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In Game 2 of the Eastern Conference Finals, a game in which Rajon Rondo scored 44 points, there was a foul in the dying minutes that was not called. Ray Allen took issue with the foul during the postgame conference while Rondo shied away from discussing it in fear of being cited for a fine for criticizing league officials.
It was a sour loss, especially for Rondo.
The ECF left a bad taste in Rondo’s mouth whether he says so or not. He’s not the type of player to stomach defeat well, especially at the hands of the Celtics’ most prominent rivals in the Eastern Conference.
Rondo took the series’ loss personally, as he should. As the floor leader of Boston’s offense, it’s up to him to control the pace of the game and unfortunately that comes with heightened praise for a victory and growing responsibility for a loss.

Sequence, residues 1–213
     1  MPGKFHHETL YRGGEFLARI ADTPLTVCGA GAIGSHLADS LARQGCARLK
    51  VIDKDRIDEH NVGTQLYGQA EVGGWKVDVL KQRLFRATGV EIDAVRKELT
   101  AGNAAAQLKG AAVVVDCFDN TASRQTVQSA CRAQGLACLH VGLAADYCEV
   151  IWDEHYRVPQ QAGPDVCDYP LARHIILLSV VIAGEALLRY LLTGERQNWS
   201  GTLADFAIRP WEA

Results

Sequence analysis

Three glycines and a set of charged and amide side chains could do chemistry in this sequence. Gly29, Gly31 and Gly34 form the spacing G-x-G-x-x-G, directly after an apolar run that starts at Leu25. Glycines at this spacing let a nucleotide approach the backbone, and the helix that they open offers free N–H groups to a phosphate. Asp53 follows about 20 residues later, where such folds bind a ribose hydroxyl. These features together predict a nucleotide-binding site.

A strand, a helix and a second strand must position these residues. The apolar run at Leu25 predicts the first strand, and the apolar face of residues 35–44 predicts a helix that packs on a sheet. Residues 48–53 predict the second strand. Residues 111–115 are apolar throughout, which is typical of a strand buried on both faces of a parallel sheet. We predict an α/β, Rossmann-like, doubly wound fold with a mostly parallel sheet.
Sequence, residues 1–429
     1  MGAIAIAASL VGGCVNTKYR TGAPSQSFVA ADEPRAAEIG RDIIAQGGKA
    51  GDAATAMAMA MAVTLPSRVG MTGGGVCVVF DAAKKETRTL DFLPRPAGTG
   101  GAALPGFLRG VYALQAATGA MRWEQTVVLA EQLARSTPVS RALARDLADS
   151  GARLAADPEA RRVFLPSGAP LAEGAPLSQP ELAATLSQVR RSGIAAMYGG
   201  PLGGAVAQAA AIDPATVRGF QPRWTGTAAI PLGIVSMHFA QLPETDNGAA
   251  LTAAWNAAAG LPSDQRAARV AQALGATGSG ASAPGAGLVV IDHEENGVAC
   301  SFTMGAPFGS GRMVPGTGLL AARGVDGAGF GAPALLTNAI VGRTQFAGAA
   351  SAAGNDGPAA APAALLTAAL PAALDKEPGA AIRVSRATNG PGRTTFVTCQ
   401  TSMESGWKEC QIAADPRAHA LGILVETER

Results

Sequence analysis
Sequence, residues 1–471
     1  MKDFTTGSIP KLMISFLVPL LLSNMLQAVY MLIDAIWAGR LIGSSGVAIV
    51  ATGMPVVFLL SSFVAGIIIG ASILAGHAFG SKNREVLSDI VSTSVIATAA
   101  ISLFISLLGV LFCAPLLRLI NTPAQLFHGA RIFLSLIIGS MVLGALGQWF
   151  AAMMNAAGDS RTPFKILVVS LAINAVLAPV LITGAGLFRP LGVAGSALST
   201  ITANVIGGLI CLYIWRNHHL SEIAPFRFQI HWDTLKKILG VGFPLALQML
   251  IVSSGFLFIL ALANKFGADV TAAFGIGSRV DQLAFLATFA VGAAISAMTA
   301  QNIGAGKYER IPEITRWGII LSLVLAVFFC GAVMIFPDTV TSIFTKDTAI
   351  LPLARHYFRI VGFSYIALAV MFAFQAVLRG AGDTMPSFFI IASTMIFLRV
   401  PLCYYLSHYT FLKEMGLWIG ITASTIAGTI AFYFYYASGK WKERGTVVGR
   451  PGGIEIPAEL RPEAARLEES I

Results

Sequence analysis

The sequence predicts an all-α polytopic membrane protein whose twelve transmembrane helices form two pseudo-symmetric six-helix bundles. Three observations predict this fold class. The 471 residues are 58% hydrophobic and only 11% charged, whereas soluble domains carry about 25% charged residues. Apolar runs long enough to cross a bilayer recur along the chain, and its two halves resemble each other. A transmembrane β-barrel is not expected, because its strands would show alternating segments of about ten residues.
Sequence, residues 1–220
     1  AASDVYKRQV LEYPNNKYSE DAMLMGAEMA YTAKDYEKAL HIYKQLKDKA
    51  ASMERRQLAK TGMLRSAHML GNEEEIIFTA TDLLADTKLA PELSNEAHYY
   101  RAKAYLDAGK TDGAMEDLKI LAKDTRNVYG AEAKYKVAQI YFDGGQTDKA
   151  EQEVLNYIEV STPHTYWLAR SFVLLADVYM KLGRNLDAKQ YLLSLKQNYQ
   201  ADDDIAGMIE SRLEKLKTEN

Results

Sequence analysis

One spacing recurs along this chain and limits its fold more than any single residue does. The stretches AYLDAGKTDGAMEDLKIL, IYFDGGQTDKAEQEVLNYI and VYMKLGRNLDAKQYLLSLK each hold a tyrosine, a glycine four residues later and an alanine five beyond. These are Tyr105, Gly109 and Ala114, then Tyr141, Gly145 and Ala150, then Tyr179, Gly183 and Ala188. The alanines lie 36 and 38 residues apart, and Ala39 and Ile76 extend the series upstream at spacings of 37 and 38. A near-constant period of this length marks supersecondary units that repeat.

Rondo has a role unlike that of Paul Pierce’s role with the organization. While Pierce is still the perceived head honcho, Rondo is the Celtics’ court general, and as he’s matured with the Celtics, he’s learned how vital he is to their success.
It’s his first chance to face the fire-breathing dragon and strike before any other franchise can.
Why wouldn’t he thrive on that type of stage?